The Chinese defense minister refused a phone call with his U.S. counterpart over the balloon incident, citing the lack of goodwill on the U.S side, China’s ministry of defense has confirmed.
On Saturday the U.S. military shot down the suspected Chinese spy balloon that had flown over the United States for several days, prompting protests from Beijing.
On the same day immediately after the strike, the Pentagon requested a phone call between Defense Secretary Lloyd Austin and China’s Minister of National Defense Wei Fenghe but China rejected the request.
Nearly a week later, the Chinese defense ministry issued a statement explaining the reason.
Senior Col. Tan Kefei, a ministry’s spokesperson, said the U.S. “persisted in using force to attack China’s civilian unmanned airship, which seriously violated international practices and set a very bad precedent.”
China didn’t accept the proposal for a telephone conversation between the two defense chiefs because the U.S. “failed to create a proper atmosphere for dialogue and exchange between the two militaries,” Tan said.
In light of the U.S. side’s “irresponsible and seriously wrong practice” China reserves the right to take necessary measures, the spokesman added.
Open lines of communication
The Pentagon said the U.S. military leadership believes in “the importance of maintaining open lines of communication” between the two sides in order to “responsibly manage the relationship.”
Secretary of State Antony Blinken, however, called off his planned trip to Beijing after the suspected spy balloon was spotted over Montana last week.
The U.S. Navy is continuing to retrieve remnants of the Chinese balloon off the South Carolina coast.
The FBI reportedly has begun processing and analyzing pieces of evidence recovered from the balloon and transferred to the FBI’s laboratory in Quantico, Virginia.
Beijing insists it was a weather balloon thrown off course by “force majeure,” or unforeseen circumstances, and on Monday said the debris were “China’s, not the U.S.’”
A senior U.S. State Department official, who spoke on condition of anonymity, on Thursday told reporters the balloon manufacturer has a direct relationship with the People’s Liberation Army (PLA).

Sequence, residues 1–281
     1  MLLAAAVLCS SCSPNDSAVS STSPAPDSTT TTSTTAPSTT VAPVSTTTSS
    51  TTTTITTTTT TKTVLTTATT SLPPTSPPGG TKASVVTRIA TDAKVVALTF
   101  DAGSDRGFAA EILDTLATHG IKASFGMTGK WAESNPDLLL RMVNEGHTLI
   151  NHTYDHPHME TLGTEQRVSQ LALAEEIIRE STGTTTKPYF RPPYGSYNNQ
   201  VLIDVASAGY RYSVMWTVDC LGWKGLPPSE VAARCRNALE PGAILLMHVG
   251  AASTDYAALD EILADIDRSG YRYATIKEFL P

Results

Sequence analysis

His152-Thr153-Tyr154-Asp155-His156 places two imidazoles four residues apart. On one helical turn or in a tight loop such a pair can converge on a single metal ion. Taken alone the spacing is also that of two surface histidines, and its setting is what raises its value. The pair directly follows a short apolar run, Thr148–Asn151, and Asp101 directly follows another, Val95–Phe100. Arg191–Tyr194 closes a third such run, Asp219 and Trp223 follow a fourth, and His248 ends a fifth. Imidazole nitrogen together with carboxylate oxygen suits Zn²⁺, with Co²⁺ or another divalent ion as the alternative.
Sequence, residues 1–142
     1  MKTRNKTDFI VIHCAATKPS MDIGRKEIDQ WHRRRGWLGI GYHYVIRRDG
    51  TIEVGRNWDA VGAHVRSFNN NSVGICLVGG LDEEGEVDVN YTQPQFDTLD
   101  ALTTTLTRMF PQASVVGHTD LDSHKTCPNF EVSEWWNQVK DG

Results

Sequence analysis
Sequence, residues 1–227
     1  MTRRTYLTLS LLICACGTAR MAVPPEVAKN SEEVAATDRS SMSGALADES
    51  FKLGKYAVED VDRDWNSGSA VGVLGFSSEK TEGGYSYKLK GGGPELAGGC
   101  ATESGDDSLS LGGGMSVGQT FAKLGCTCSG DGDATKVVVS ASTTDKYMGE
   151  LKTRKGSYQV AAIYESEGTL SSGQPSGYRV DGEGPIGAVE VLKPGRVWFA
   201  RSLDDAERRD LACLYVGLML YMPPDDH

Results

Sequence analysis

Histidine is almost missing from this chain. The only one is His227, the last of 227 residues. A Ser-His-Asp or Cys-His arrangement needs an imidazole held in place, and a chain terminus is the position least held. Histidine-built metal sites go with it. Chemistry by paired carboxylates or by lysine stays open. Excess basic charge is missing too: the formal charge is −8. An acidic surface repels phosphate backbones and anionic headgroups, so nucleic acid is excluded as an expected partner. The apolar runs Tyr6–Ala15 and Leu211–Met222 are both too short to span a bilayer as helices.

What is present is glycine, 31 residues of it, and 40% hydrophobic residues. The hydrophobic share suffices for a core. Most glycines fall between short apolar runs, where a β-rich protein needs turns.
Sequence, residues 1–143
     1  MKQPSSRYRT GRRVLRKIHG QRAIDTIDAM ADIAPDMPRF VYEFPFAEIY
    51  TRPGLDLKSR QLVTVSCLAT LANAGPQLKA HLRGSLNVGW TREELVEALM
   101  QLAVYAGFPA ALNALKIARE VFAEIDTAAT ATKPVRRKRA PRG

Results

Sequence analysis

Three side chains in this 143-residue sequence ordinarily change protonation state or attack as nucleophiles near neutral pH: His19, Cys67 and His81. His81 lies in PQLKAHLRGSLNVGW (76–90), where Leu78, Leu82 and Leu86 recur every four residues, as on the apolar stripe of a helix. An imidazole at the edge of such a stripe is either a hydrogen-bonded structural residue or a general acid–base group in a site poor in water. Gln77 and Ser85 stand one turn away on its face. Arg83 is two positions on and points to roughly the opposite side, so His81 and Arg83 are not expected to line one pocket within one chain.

The official also said that high-resolution imagery of the balloon from U-2 aircraft flybys showed it was “capable of conducting signals intelligence collection operations,” and that its equipment was “inconsistent” with that of weather balloons.
At a State Department briefing Thursday, spokesperson Ned Price said U.S. officials are “exploring taking action against PRC entities linked to the PLA that supported the balloon’s incursion into U.S. airspace.”
The People’s Republic of China is China’s official name.
China has similarly violated the sovereignty of “some 40 countries across five continents” by going into their airspaces “with the express point of collecting intelligence,” Price said without naming specific countries.
He added that those activities had occurred “over the course of several years.”
A senior Defense Department told the U.S. Senate Foreign Relations Committee that China “remains the pacing challenge for the U.S. government.”
Ely Ratner, the assistant secretary of defense for Indo-Pacific Security Affairs, made a testimony at a hearing entitled ‘Evaluating U.S.-China policy in the era of strategic competition.’
“…in recent years, the PRC has increasingly turned to the PLA as an instrument of coercive statecraft in support of its global ambitions, including by conducting more dangerous, coercive, and aggressive actions in the Indo-Pacific region,” Ratner told the senators.
He said that the U.S. government has been actively taking steps to counter China’s ambitions.
The U.S. House of Representatives on Thursday voted unanimously to condemn China for a “brazen violation” of U.S. sovereignty and efforts to “deceive the international community through false claims about its intelligence collection campaigns.”
Some lawmakers have criticized President Joe Biden for not acting sooner to down the balloon when it first entered U.S. airspace on Jan. 28.